Tuesday, August 27, 2013

Nate’s Heat Pump Repair

Nate’s heat pump became silent. The indoor blower did not even function. We inspected it some and saw the fuses were good so Nate kind of figured it must be the controller electronics card. Nate and I looked on the internet for another card but everyone said it is now obsolete. We saw prices for the card as high as $500 but there were no cards available. Nate called the repairman who came out and confirmed it must be the card. So the repair company  tried to purchase a card and thought they had one but when it came it was not compatible. They recommended changing the indoor blower system for $1,800.

With nothing to loose Nate and I played around some, not knowing much about these type thermostats or air handlers and heat pumps. We decided to  remove the suspect controller page assembly which involved labeling about 12 wires and pulling a 10 wire edge connector. There is no schematic that I could find on the page assembly but at least many of the input output wires were labeled on the board which is a big help.

I brought the page assembly home and examined it with high power glasses and a magnifying glass.  Wow, lots of corrosion. It must be getting some moisture from the heat pump indoor coils which are located above the board. Then the edge connector contacts on the board were extremely corroded.

So I pulled out the dremmel tool and polished all the edge connector contacts until they were bright and shinny. I noticed the 3rd lead over was labeled ‘fan’ and the lead was 90% gone, the worst of all the leads by far. And since it is the fan that did not start I found a place on the board to solder a wire to the same trace and knew I could bypass this connector with this hardwire. Also on the board the capacitors had a lot of corrosion on the ends also. The board was heavily shellacked and the shellac had turned very dark so I could not read all the numbers on the two IC chips. One chip started with 68HC which is likely a type of microprocessor I am familiar with. But microprocessors are hard to work with if you don’t have the code or at least the flow chart. Fortunately they seldom fail.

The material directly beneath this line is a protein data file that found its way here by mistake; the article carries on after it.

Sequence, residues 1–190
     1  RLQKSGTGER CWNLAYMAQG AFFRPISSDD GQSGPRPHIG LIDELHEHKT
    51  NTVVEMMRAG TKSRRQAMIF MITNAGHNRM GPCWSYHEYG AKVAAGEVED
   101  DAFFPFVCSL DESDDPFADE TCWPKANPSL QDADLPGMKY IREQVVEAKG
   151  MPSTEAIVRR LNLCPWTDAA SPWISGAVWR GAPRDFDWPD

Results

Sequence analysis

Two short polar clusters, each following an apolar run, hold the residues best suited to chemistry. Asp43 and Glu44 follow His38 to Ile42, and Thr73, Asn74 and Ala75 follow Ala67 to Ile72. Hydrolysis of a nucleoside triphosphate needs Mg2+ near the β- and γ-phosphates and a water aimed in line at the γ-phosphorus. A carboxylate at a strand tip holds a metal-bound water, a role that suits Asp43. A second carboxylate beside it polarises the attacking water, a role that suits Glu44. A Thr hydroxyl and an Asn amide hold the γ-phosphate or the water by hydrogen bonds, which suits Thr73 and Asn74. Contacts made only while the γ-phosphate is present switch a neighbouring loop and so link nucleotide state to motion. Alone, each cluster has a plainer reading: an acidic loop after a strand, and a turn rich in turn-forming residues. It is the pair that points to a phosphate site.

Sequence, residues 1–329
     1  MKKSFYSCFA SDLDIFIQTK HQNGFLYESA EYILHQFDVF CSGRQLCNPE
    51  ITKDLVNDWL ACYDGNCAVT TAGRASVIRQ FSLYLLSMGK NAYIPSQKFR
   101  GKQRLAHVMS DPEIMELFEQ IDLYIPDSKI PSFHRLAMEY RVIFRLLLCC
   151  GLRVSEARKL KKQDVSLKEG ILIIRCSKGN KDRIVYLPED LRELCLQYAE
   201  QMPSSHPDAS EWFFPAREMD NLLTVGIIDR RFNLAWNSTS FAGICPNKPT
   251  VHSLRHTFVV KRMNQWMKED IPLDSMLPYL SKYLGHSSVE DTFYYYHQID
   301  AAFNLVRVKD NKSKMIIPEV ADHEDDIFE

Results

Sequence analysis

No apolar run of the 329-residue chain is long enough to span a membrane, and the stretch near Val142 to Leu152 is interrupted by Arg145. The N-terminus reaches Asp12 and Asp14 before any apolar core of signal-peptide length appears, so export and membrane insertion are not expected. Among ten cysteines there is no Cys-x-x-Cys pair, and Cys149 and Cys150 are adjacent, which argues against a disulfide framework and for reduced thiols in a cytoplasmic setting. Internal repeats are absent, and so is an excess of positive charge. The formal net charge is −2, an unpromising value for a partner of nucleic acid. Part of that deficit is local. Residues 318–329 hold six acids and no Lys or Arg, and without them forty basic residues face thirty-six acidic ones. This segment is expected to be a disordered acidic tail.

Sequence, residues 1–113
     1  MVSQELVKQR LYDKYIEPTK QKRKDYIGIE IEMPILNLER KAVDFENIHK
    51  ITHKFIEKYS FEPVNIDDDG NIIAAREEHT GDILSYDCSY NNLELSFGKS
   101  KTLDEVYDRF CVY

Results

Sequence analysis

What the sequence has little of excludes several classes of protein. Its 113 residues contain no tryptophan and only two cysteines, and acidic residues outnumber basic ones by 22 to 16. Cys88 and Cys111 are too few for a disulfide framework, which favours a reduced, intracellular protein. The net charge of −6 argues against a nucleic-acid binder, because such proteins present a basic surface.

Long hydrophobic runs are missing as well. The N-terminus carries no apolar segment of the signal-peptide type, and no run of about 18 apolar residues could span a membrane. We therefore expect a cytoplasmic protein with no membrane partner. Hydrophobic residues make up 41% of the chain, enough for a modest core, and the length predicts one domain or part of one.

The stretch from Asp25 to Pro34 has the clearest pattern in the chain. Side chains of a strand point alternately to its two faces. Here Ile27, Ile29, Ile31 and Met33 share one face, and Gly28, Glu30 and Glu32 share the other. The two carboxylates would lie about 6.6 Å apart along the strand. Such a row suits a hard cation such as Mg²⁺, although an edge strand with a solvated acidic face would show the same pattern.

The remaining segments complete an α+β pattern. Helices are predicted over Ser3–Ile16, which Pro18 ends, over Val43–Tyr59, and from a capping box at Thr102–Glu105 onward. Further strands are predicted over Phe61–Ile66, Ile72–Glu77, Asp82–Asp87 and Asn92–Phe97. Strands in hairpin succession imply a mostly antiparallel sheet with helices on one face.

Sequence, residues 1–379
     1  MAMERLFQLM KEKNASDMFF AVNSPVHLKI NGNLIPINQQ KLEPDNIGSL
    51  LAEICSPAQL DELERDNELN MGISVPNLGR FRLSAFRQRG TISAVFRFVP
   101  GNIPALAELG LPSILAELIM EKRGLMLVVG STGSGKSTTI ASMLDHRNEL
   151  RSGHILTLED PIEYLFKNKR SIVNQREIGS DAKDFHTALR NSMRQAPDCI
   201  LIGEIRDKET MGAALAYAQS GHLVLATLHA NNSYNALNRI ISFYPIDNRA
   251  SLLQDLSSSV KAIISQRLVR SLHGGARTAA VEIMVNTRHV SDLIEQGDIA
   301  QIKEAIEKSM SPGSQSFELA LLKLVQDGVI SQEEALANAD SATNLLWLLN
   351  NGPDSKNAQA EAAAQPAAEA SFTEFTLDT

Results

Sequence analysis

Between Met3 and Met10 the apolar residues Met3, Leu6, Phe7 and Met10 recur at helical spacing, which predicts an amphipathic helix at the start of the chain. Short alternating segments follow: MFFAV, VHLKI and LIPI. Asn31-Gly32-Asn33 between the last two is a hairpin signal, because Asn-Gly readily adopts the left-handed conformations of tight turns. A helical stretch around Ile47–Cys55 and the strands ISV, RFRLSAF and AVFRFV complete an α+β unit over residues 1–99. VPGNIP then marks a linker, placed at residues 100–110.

Well we reconnected the board and jumpered the ‘fan’ lead to the yellow wire on the thermostat cabling. Now for the first time in a while the fan started up on the air handler when the fan switch was energized on the thermostat. Unfortunately the 5 amp fuse would blow when either heat or cooling was turned on!

So I brought the board back home and replaced 3 corroded capacitors. On one I did not have a matching size so instead of a 33 microfarad 50 volt capacitor, I installed a 10 microfarad 50 volt in parallel with a 22 microfarad 35 volt. (With the board installed I measured the voltage across these capacitors at 34 volts which is awful close to the voltage rating.)

I further observed two places that had turned black indicating electrical arching on the board. These burnt spots were at the relay contact traces. The board traces left only 1/8 inch between traces and there is 240 vac on these tracts. I was able to remove all the blackened board using a dental pick. It amazes me if these were really caused by current leakage or arching that the board did not blow up and completely destroy itself.  I also washed much of the contamination off the board using alcohol. 

Eventually I realized the ‘fan’ lead on the edge connector was not used on this installation so I removed my clever jumper, replaced the fuse and walla all seems to work now. The fan comes on and heat and cool functions work. We have not run the heat pump for an extended time yet though.

It is interesting that when one turns up a thermostat It sometimes can take like 10 minutes for the outside unit to start the big fan or the compressor. Not knowing the micro-controller programming leaves one in the dark why this happens.

I ordered all new capacitors of the right farad and voltage rating from Digikey and should get them in maybe 3 days. They cost like 50 cents apiece. So if needed we can quickly install some new capacitors. The ones I put in were used and could easily be 20 years old.

Maybe we should consider putting a metal shield above this control board to divert any water droplets away from this board. The system is about 18 years old.

Bottom line - The main problem with the system was the corroded leads on the edge connector making no contact. After polishing they are likely almost as good as new.

The controller board
The edge connector is bottom left, there is no contact material on this side. 

The edge connector is top left.
This is before cleaning.

This is the edge connector before cleaning.

 The edge connector after cleaning and polishing.
Notice the 3rd tab from left is missing most of the conductive metal.

 Some of the corrosion before cleaning.

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